The complacent PR churning out of Samaritans right now just adds a bizarre insult to grave injury.

For example, misplaced triumphalism:

  • The App has had a positive response so far, with over 3,000 people signed up as subscribers to date. Since launch, almost 20,000 people have mentioned the App, helping #samaritansradar trend on Twitter for two days. We will take on board any feedback we receive as we develop the App further and are taking very seriously the concerns raised by some Twitter users regarding possible data protection and privacy issues relating to the Application.

For example, careful legalese (love the “going forward” at the end):

  • Samaritans Radar has been in development for over a year and has been tested with several different user groups who have contributed to its creation, as have academic experts on suicide through their research. In developing the App we have rigorously checked the functionality and approach taken, including an impact assessment against data protection and data processing principles.
  • We are looking into the details of the issues raised, including working with the relevant regulatory authorities and will continue to take action as needed to address these concerns appropriately going forward.

And here more of the same, with weasel words such as “believe” and “likely”:

  • We have taken the time to seek further legal advice on the issues raised. Our continuing view is that Samaritans Radar is compliant with the relevant data protection legislation for the following reasons:

    o We believe that Samaritans are neither the data controller or data processor of the information passing through the app

    o All information identified by the app is available on Twitter, in accordance with Twitter’s Ts&Cs (link here). The app does not process private tweets.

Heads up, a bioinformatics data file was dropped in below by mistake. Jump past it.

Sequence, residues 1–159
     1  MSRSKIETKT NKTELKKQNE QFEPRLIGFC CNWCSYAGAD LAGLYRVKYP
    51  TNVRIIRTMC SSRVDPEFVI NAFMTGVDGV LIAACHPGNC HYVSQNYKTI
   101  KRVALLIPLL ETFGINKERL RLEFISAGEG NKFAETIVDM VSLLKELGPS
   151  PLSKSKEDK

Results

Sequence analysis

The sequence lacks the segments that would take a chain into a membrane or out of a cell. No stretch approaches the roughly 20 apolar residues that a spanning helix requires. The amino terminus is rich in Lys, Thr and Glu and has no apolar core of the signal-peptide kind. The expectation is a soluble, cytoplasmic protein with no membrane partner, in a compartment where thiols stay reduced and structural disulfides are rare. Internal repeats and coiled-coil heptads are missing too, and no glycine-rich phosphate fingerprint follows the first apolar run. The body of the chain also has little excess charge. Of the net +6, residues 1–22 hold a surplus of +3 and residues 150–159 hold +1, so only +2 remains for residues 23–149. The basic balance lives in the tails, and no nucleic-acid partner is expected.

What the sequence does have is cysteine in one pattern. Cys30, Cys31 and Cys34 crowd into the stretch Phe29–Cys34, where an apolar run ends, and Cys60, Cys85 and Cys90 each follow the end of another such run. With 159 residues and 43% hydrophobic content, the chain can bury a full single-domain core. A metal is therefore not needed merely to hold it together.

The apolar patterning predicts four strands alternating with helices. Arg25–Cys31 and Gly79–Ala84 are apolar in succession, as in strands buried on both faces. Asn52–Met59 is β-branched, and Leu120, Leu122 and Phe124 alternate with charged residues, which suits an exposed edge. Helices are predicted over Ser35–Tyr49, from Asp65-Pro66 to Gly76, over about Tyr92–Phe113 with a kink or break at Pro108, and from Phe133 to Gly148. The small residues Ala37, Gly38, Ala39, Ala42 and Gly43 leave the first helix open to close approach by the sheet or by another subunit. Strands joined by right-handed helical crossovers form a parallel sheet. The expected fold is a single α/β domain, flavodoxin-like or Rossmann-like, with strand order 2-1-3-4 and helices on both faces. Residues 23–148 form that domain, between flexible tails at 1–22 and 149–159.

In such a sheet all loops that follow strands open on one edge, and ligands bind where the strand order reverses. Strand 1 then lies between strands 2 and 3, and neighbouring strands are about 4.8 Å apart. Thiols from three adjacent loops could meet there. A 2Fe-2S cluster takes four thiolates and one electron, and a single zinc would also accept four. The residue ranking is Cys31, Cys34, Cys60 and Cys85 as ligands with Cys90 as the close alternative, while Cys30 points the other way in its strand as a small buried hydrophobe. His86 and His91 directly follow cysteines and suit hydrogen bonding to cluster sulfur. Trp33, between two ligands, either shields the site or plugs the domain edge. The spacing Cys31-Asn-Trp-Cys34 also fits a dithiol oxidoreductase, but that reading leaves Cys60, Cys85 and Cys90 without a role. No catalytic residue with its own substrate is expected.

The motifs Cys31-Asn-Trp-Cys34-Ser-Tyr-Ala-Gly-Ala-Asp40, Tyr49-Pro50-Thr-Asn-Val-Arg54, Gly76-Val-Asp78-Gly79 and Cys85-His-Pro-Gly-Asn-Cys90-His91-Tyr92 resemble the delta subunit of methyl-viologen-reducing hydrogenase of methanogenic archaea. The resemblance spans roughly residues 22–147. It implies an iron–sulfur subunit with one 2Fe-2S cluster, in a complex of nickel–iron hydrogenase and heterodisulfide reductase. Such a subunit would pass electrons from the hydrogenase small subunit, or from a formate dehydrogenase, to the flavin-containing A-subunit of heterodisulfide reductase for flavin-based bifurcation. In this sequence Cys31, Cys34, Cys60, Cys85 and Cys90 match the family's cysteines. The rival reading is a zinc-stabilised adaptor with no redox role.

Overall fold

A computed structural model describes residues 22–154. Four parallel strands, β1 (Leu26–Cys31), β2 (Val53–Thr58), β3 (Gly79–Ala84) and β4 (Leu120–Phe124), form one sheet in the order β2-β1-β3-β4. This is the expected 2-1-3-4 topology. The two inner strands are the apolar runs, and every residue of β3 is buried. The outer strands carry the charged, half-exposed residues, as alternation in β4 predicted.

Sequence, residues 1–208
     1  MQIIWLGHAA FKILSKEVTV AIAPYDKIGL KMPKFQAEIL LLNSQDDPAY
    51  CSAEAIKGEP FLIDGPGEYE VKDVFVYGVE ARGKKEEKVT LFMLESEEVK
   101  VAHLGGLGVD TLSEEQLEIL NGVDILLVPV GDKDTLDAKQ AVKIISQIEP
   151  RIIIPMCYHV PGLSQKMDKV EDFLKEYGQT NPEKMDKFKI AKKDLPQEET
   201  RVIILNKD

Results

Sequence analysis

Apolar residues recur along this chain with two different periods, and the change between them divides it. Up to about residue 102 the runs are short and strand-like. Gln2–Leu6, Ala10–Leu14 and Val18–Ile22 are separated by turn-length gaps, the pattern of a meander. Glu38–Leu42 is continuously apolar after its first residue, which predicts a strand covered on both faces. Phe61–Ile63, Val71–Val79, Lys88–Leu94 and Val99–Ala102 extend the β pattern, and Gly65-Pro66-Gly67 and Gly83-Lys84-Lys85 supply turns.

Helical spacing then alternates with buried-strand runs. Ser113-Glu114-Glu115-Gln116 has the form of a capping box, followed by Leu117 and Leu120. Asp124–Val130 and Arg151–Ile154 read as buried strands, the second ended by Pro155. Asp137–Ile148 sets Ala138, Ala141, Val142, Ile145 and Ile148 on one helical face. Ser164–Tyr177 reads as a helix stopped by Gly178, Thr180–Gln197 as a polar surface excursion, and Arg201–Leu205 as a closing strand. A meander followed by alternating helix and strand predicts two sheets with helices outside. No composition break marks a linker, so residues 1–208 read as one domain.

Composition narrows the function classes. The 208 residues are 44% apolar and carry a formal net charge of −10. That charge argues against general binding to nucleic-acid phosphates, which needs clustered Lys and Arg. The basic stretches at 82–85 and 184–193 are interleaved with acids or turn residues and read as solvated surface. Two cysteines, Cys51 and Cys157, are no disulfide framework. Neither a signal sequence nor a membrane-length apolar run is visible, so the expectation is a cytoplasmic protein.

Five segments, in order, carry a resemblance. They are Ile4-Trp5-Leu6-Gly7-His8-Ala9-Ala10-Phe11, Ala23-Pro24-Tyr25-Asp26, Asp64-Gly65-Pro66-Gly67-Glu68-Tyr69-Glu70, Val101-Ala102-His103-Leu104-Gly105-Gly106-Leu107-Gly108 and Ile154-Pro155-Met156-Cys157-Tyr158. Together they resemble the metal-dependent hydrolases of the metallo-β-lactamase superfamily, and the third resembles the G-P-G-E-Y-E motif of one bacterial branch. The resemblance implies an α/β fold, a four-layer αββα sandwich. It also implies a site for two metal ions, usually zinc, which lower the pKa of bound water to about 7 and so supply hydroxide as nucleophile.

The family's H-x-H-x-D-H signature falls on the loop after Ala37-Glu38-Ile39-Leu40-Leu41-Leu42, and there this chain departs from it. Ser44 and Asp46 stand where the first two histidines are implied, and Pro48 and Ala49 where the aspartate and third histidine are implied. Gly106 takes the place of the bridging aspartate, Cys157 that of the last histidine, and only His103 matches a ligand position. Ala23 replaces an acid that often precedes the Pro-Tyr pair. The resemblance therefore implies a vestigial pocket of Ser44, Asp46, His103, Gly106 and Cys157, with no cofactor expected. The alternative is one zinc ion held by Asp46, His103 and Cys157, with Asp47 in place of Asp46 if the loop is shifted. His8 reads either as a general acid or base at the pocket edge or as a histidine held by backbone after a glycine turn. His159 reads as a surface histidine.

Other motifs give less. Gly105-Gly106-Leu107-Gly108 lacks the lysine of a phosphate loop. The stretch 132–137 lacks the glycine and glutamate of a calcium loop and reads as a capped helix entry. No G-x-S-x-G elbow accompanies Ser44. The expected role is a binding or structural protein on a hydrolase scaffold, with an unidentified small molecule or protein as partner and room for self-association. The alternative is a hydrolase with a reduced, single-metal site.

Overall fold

o If Samaritans were deemed to be a data controller, given that vital interests are at stake, exemptions from data protection law are likely to apply

Finally, a frankly astonishing misunderstanding of its own history and mission:

  • […] We would like to reassure subscribers [ie the potentially random anonymous people who sign up to follow the Twitter folk who are supposed to be the real reason for Samaritans’ existence] that we will, of course, continue to apply this approach and are in discussions with the Information Commissioner’s Office, and will take on board any direction they give us.

No mention of the interests, then, of the people whom subscribers follow, via that American third-party email distributor – and Lord only knows which org might be considered the real data controllers of all that juicy, compromising and quite possibly inaccurate data, regularly spat out of Twitter.

No desire, either, to reassure the traditional client-base of Samaritans: you know, the ones who expect to decide when to make that first contact; how to make that first contact; and how to do so anonymously if necessary.  That client-base who believed they were taking a first key step to taking control of their lives once again.

Nope.  Samaritans is far more worried about its new client-base: government in general, the Department of Health in particular, other possibly murky interests floating around there; more or less, a confused combination of otherwise quite possibly coherent objectives – objectives which if they had not been mixed together might have all been able to see the light of a much more positive day.

But far more importantly than all the above is the managerialist client-base now consummating its takeover of the charity.  When a listening org’s leadership forgets how to listen – even to the doubts its own internal whisperers must have – then something very wrong has taken place.

Have any of you heard a single public pronouncement from a Samaritans’ volunteer on this matter?  You know, the people who help the people with the courage to reach out and say: “Yes, I need help.”

I certainly haven’t – and I haven’t exactly been ignoring the flood of info.  This charity is more impervious to a breaking of the ranks than a financial services company.  What rod of PR-iron have they imposed on the work- and volunteer-force for the only visible responses to be from dear old Joe Ferns?  What atmosphere of polite and genteel fear must they all be labouring under?

Only out of complacent, smug, yes-people environments do you get complacent, smug, yes-people tech like this.

Only out of too much time long spent with other like-minded people do you get smoothly inappropriate and confident PR like the PR we’ve seen.

The problem isn’t the app at all: the problem is the environment which engendered it.  And I’d even be inclined to wonder: is this app’s process – its commissioning, design, implementation and launching – symptomatic itself of an organisation-wide cry for help in the making?